STATE COLLEGE, Pa. (AP) Carl Nassib tried to avoid the throng of reporters waiting to enter Penn State’s football practice, a tough task for a man who’s 6-foot-7 and nearly 280 pounds.
Excused from the session a week ago, Nassib walked briskly across a parking lot behind the practice facility with his head down and school books that looked more like matchboxes tucked under his long arms. He seemed alarmed to see nearly 30 people close to his vehicle.
It was coincidence. Nassib had parked next to the black iron gate that separates the practice fields from the parking lot where reporters wait each Wednesday and they were just as surprised to see him on their side.
”Had a chemistry test,” Nassib said, before jamming himself into his smallish Ford Escape and driving off.
It was a rare close encounter with arguably the country’s most disruptive defender who has politely declined interview requests throughout his career. It took a visit from ESPN this week to get him talking as Nassib was featured on the network’s ”Big Man on Campus” spot. Other than that, he’s remained elusive despite being the center of attention for opposing offensive coordinators this season.
Crazy Carl as his teammates call him leads the country with 10 sacks, five forced fumbles and is on pace for the most sacks in a season since Louisville’s Elvis Dumervil had 20 in 2005, heading into Saturday’s game against No. 1 Ohio State. Not bad for a player who walked onto the team without a scholarship offer from an FBS team out of high school.
”He just got his shot,” safety Jordan Lucas said. ”He worked very hard for it and he’s continuing to work hard for it and it’s showing in his play and it’s showing in the numbers. Carl, he’s nuts.”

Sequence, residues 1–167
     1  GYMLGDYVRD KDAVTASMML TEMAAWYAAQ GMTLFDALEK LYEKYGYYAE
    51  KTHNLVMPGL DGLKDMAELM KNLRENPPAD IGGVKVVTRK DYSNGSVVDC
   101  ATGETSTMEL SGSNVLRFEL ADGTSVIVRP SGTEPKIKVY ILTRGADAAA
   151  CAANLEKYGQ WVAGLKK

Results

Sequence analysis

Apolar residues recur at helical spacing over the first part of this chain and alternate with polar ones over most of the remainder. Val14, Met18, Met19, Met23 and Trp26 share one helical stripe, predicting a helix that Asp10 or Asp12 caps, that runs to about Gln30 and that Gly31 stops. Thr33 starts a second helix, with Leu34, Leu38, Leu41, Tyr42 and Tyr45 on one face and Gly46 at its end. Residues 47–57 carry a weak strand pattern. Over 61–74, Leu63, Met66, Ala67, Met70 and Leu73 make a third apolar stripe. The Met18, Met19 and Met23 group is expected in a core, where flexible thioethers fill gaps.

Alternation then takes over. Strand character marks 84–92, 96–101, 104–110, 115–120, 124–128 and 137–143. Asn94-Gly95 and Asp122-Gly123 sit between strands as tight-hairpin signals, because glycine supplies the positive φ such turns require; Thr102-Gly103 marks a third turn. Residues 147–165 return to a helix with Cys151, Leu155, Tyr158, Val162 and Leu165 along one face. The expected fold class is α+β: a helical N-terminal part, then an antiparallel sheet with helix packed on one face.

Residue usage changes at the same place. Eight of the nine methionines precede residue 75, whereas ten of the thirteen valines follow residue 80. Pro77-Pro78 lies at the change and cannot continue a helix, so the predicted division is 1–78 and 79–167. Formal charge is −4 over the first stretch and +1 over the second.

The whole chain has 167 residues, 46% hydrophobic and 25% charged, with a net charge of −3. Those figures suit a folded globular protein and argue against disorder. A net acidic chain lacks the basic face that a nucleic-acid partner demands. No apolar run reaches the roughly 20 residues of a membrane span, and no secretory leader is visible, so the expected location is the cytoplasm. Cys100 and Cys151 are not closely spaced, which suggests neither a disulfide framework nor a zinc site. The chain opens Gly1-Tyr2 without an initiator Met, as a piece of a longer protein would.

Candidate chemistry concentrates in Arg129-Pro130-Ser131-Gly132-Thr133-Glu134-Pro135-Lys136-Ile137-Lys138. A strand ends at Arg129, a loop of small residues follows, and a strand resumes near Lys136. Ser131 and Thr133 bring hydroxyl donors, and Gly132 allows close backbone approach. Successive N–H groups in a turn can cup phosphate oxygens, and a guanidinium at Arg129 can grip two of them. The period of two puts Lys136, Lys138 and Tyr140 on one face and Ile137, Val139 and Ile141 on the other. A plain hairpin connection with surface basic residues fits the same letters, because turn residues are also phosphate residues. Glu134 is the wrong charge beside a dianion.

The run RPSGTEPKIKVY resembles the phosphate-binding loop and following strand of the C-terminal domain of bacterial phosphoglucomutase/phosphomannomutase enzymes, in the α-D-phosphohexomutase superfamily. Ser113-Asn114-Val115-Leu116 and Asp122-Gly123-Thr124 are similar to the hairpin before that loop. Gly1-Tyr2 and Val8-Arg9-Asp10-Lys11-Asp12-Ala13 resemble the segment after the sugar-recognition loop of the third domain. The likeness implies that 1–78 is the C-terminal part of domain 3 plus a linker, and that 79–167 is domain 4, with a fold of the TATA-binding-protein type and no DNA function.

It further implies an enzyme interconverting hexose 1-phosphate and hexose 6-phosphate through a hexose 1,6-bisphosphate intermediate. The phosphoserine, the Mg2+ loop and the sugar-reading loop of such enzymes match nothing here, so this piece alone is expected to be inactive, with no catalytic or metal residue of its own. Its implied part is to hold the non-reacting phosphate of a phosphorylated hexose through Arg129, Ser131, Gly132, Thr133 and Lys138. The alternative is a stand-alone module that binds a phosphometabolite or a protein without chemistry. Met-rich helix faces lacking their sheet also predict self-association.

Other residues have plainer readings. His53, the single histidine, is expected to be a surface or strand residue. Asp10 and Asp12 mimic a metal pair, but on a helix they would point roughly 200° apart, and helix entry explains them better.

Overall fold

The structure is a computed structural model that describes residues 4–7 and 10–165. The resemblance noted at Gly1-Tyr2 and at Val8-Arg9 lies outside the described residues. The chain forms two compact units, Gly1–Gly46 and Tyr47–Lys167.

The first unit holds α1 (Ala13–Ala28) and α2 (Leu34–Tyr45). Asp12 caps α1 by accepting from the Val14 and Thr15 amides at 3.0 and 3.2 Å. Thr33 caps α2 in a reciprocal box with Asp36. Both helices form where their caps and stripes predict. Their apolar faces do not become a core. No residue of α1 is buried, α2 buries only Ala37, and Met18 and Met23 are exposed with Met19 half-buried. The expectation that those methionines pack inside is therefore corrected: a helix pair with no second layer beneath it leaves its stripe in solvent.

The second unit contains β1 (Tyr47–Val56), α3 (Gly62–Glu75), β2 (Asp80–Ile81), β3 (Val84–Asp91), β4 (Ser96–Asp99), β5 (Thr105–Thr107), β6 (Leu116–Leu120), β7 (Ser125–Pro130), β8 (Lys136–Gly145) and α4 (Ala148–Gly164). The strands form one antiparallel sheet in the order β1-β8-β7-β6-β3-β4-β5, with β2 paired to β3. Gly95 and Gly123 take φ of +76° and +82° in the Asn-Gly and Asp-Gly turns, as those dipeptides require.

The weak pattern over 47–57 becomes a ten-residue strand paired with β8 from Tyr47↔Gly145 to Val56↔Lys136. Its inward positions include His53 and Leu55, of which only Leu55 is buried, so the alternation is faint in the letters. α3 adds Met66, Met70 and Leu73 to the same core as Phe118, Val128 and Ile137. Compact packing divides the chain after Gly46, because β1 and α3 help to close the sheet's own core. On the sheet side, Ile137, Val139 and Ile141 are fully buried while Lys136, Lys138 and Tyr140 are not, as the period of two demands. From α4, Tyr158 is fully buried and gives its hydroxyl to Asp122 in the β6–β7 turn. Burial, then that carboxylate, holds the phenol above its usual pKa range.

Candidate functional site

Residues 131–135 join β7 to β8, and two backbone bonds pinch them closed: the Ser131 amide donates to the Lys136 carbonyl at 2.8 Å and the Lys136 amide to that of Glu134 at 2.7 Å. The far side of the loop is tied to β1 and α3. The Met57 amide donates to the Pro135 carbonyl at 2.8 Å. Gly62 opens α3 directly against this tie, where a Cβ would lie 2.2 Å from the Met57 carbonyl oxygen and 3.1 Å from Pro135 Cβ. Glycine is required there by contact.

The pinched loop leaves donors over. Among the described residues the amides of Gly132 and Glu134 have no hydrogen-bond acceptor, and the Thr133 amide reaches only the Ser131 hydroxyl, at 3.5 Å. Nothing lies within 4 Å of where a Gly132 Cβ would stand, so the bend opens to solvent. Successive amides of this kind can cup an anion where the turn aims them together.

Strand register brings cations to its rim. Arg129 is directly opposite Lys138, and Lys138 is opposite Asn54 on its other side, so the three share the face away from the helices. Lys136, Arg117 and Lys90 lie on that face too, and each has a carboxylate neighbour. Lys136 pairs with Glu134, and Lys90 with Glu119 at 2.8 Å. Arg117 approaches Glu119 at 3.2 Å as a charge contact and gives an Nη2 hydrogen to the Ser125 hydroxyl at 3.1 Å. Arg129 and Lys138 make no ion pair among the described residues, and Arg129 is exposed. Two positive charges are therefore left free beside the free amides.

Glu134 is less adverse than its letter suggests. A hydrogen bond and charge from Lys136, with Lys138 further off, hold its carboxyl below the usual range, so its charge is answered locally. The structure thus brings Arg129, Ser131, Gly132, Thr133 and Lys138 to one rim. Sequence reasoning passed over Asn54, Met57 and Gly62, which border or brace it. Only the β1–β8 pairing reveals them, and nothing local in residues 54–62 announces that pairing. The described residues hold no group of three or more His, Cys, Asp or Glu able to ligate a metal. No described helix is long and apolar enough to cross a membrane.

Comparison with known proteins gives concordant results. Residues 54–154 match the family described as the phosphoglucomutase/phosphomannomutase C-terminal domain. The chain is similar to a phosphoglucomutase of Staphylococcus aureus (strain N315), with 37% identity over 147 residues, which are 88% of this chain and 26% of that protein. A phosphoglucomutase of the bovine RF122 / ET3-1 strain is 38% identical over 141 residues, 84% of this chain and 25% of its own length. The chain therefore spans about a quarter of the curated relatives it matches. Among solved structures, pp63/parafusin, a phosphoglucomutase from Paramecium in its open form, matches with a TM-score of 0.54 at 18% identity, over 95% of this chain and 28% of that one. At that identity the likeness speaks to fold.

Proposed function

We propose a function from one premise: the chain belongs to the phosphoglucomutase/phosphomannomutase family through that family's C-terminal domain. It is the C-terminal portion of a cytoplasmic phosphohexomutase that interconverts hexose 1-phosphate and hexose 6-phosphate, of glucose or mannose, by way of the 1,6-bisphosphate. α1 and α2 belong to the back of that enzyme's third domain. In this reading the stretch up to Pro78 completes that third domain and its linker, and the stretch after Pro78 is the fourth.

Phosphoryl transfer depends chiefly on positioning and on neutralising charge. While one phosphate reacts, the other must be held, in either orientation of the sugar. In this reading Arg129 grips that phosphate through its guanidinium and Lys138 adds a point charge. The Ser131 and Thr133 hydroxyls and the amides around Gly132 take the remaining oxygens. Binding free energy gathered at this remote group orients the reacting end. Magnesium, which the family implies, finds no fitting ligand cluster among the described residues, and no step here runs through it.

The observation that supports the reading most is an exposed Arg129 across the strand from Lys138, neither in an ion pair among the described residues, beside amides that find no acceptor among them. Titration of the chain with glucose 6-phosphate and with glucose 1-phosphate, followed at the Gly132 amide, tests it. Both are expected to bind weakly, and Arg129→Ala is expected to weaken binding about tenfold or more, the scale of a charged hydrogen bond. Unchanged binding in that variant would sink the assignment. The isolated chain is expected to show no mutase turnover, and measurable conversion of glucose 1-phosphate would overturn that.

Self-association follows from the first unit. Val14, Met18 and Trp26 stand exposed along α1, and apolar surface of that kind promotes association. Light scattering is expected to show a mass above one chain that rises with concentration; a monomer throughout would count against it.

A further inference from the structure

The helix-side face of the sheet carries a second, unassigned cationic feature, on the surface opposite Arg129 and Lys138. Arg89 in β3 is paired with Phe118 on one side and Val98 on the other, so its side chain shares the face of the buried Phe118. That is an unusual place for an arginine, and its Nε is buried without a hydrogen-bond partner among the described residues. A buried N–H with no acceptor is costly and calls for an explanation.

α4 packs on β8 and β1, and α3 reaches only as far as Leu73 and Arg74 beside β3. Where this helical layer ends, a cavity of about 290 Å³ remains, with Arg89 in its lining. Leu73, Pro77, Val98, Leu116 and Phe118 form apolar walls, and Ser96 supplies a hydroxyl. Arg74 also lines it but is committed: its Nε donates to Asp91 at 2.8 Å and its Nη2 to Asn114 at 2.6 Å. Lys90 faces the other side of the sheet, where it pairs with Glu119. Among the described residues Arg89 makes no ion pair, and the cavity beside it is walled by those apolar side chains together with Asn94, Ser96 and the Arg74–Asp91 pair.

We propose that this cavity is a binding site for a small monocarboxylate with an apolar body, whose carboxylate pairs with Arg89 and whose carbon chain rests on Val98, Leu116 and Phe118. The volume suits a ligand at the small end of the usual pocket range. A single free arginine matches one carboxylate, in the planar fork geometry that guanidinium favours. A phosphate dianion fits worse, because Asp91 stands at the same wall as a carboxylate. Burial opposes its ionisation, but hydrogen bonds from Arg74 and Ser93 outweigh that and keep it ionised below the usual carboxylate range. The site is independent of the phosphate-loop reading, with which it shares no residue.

But in a good way.
”He’s got that nickname Crazy Carl because his intensity is unmatched every single play,” sophomore defensive end Garrett Sickels said.
A fifth-year senior, Nassib has been selected to the All-Academic Big Ten team twice while majoring in biology. He wants to attend medical school, but those plans have been muddied by his gridiron emergence. He’s expressed a desire to play as long as he can if possible and that is looking more likely each week.
His ascension seemed unlikely considering he never started a game at any level before this season and walked on to Joe Paterno’s final team in 2011 as a 6-foot-4, 215-pounder.
He was still a self-described ”skinny” nobody two years later when Bill O’Brien’s first recruits arrived on campus. But Nassib’s relentless attitude caused scholarship offensive tackle Andrew Nelson to take notice.
”I remember thinking, this guy is pretty hard to block and no one is really talking about him,” Nelson said. ”But he’s a pretty good player, and you just saw that development continue each year.”
Two sit-downs with O’Brien before the 2013 season helped.
During the first one in winter workouts, O’Brien told Nassib he’d play on special teams if he bulked up. So he did, hitting the weight room five days a week and twice on Saturdays that summer to add nearly 50 pounds of muscle. The second one came in training camp after O’Brien saw a transformed Nassib beating his scholarship tackles on the practice fields. He called Nassib to his office midway through camp. Nassib feared he’d be ruled ineligible because he forgot to pay his tuition bill. But he wouldn’t have to worry about it. O’Brien brought him in to tell him he’d earned a scholarship.
That year was really Nassib’s breakout season, his teammates say. He added a fiery presence to the team’s coverage and return units and made the most of his limited snaps.
Nassib and Sickels have made defensive end a strong spot for Penn State, even after losing three key players off last year’s team. While Sickels was redshirting last season, Nassib helped him stay focus.
”He’s taught me that you can never get down on yourself,” Sickels said. ”The big thing with him is you have to have the most intensity every single play, you can’t take a play off.”